João Vitor Meirelles de Miranda

From physics to the social sciences, information is now seen as a fundamental component of reality. However, a form of information seems still underestimated, perhaps precisely because it is so pervasive that we take it for granted: the information encoded in the very environment we live in. We still do not fully understand how information takes the form of cities, and how our minds deal with it in order to learn about the world, make daily decisions, and take part in the complex system of interactions we create as we live together. This paper addresses three related problems that need to be solved if we are to understand the role of environmental information: (1) the physical problem: how can we preserve information in the built environment? (2) The semantic problem: how do we make environmental information meaningful? and (3) the pragmatic problem: how do we use environmental information in our daily lives? Attempting to devise a solution to these problems, we introduce a three-layered model of information in cities, namely environmental information in physical space, environmental information in semantic space, and the information enacted by interacting agents. We propose forms of estimating entropy in these different layers, and apply these measures to emblematic urban cases and simulated scenarios. Our results suggest that ordered spatial structures and diverse land use patterns encode information, and that aspects of physical and semantic information affect coordination in interaction systems.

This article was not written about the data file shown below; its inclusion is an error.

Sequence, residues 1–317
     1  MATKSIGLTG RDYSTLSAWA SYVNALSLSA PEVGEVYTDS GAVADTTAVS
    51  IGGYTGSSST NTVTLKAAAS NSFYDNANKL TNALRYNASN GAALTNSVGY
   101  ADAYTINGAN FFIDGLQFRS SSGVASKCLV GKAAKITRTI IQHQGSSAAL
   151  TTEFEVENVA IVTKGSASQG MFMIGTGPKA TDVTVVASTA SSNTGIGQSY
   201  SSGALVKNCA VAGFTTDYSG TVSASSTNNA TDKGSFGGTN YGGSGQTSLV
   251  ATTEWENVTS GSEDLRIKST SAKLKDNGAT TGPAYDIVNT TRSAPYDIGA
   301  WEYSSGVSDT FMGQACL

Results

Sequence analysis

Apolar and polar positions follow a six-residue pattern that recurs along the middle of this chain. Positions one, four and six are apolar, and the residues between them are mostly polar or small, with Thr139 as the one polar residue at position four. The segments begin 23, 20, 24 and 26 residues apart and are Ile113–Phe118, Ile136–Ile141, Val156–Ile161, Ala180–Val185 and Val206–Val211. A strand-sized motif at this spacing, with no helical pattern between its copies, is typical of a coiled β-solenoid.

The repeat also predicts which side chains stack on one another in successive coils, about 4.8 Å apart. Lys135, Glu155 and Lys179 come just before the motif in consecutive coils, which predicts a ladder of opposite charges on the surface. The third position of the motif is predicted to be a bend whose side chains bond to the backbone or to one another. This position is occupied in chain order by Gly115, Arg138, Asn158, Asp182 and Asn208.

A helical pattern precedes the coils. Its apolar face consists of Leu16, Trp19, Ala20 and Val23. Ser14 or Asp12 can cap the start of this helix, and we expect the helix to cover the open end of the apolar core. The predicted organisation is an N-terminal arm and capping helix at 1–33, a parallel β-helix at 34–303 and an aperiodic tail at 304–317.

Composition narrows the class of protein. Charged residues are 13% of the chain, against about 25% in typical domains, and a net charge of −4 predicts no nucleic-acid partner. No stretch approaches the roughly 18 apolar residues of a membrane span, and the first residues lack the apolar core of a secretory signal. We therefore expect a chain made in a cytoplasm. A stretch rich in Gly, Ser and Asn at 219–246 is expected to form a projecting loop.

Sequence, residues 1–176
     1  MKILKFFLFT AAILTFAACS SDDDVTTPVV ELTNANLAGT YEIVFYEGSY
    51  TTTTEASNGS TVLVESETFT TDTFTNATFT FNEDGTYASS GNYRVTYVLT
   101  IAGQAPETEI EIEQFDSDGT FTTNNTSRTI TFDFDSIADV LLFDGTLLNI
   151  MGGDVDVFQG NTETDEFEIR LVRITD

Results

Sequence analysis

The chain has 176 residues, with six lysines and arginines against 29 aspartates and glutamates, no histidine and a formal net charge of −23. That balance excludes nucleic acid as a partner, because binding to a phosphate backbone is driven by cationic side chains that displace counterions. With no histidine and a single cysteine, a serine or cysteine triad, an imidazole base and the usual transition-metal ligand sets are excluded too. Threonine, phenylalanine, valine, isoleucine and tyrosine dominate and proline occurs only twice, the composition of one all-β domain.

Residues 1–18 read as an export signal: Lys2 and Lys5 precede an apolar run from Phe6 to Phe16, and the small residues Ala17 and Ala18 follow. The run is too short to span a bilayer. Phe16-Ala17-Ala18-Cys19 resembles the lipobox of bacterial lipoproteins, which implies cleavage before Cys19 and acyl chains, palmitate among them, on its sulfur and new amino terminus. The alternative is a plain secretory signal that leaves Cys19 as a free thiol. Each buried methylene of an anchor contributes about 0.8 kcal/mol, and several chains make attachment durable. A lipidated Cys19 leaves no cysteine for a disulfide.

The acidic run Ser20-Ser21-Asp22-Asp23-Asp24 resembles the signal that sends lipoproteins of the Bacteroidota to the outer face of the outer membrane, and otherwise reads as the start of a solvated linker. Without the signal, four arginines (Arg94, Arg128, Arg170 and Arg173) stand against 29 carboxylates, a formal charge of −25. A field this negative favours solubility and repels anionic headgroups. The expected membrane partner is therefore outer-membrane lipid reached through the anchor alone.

2018Mario Geiger, Levent Dogus Sagun, Stefano Spigler, Rainer Wesche

We analyze numerically the training dynamics of deep neural networks (DNN) by using methods developed in statistical physics of glassy systems. The two main issues we address are the complexity of the loss-landscape and of the dynamics within it, and to what extent DNNs share similarities with glassy systems. Our findings, obtained for different architectures and data-sets, suggest that during the training process the dynamics slows down because of an increasingly large number of flat directions. At large times, when the loss is approaching zero, the system diffuses at the bottom of the landscape. Despite some similarities with the dynamics of mean-field glassy systems, in particular, the absence of barrier crossing, we find distinctive dynamical behaviors in the two cases, thus showing that the statistical properties of the corresponding loss and energy landscapes are different. In contrast, when the network is under-parametrized we observe a typical glassy behavior, thus suggesting the existence of different phases depending on whether the network is under-parametrized or over-parametrized.

2018